Here’s a fun fact: Video games can be used as a parenting tool. It’s called “active mediation.” The idea is that by playing alongside your kids you can help them understand the media they’re using and even impart some life lessons.
How can video games help you teach life lessons?
The reality is that most kids play video games. According to CNET, 91% of kids between the ages of two and 17 play. It’s a source of fun, competition, and even social currency. It can also be an opportunity for you to bond with your child.
Because it’s unlikely your children will abstain from video games altogether, many child experts recommend playing with your children and acting as a media mentor. According to Jenny Radesky, MD, FAAP, lead author of the policy statement, Media and Young Minds, “That means teaching them how to use it as a tool to create, connect and learn.”
If you have younger children, video games can be helpful for engaging with them. When you play with your child, it allows you to ensure they’re using the game appropriately and understand the messaging.
You’re also able to utilize the game to reinforce larger values, like the importance of working together and the idea of not quitting just because something is hard. The American Academy of Pediatrics recommends, “It’s a good way to demonstrate good sportsmanship and gaming etiquette.” It also provides a chance for you to have fun with your child.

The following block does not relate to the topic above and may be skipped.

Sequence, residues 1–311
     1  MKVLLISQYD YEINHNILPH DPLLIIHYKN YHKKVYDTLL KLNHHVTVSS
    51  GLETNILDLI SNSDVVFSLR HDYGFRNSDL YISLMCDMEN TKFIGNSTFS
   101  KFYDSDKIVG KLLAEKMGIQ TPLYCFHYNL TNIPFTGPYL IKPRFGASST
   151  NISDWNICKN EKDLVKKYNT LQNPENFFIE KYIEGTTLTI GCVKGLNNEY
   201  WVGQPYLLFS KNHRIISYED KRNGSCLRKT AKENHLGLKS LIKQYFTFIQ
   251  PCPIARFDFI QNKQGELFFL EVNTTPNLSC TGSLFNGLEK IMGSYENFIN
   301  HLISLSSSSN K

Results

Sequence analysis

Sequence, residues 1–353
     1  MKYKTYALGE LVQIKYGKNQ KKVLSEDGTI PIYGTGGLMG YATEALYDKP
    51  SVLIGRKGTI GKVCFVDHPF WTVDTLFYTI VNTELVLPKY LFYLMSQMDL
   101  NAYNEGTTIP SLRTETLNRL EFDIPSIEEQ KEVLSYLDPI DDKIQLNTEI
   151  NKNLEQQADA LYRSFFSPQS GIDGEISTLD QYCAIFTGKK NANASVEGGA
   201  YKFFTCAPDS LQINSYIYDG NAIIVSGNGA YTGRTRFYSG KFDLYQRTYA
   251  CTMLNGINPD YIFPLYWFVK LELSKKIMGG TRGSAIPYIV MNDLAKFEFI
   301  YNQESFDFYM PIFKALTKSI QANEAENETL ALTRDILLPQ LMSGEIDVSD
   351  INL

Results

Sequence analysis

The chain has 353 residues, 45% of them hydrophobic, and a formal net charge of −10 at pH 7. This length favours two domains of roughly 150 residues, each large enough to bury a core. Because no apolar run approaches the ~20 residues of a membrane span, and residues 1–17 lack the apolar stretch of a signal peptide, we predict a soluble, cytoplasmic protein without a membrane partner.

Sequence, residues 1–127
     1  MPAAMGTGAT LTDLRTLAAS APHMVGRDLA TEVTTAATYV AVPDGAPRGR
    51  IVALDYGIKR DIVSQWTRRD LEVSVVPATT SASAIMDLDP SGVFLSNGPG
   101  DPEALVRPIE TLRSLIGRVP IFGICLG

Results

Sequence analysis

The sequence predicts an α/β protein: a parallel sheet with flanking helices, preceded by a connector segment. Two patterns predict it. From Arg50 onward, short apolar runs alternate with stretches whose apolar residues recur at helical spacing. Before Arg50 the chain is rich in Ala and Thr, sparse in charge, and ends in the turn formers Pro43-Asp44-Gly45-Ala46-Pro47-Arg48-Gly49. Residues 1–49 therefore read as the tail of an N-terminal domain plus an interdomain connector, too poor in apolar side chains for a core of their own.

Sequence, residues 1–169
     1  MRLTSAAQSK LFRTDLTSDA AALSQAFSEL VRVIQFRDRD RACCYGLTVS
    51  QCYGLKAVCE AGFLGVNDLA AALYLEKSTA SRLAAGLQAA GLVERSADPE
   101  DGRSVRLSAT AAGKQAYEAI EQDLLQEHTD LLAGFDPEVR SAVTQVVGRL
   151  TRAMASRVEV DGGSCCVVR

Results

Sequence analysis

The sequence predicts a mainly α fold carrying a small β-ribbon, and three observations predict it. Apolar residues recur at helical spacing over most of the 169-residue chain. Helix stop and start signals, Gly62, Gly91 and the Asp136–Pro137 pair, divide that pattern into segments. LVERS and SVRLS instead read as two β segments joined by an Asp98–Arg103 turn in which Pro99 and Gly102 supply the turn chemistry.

If you have a teen or tween, they’re much less likely to want you to help them navigate their digital world. However, if you’re able to play with them, it can provide a commonality that will encourage further conversations.
Even if you’re only an observer, you can ask, “What do you like about this game?” or “How have you improved?” or simply cheer them on. The idea is that you’re actively participating in something important to your child.
“Don’t just monitor children online, interact with them – you can understand what they are doing and be a part of it,” according to recommendations from the AAP.
Video games will almost inevitably be part of your child’s life. They may also be an opportunity to connect and help your child navigate their role as a digital citizen.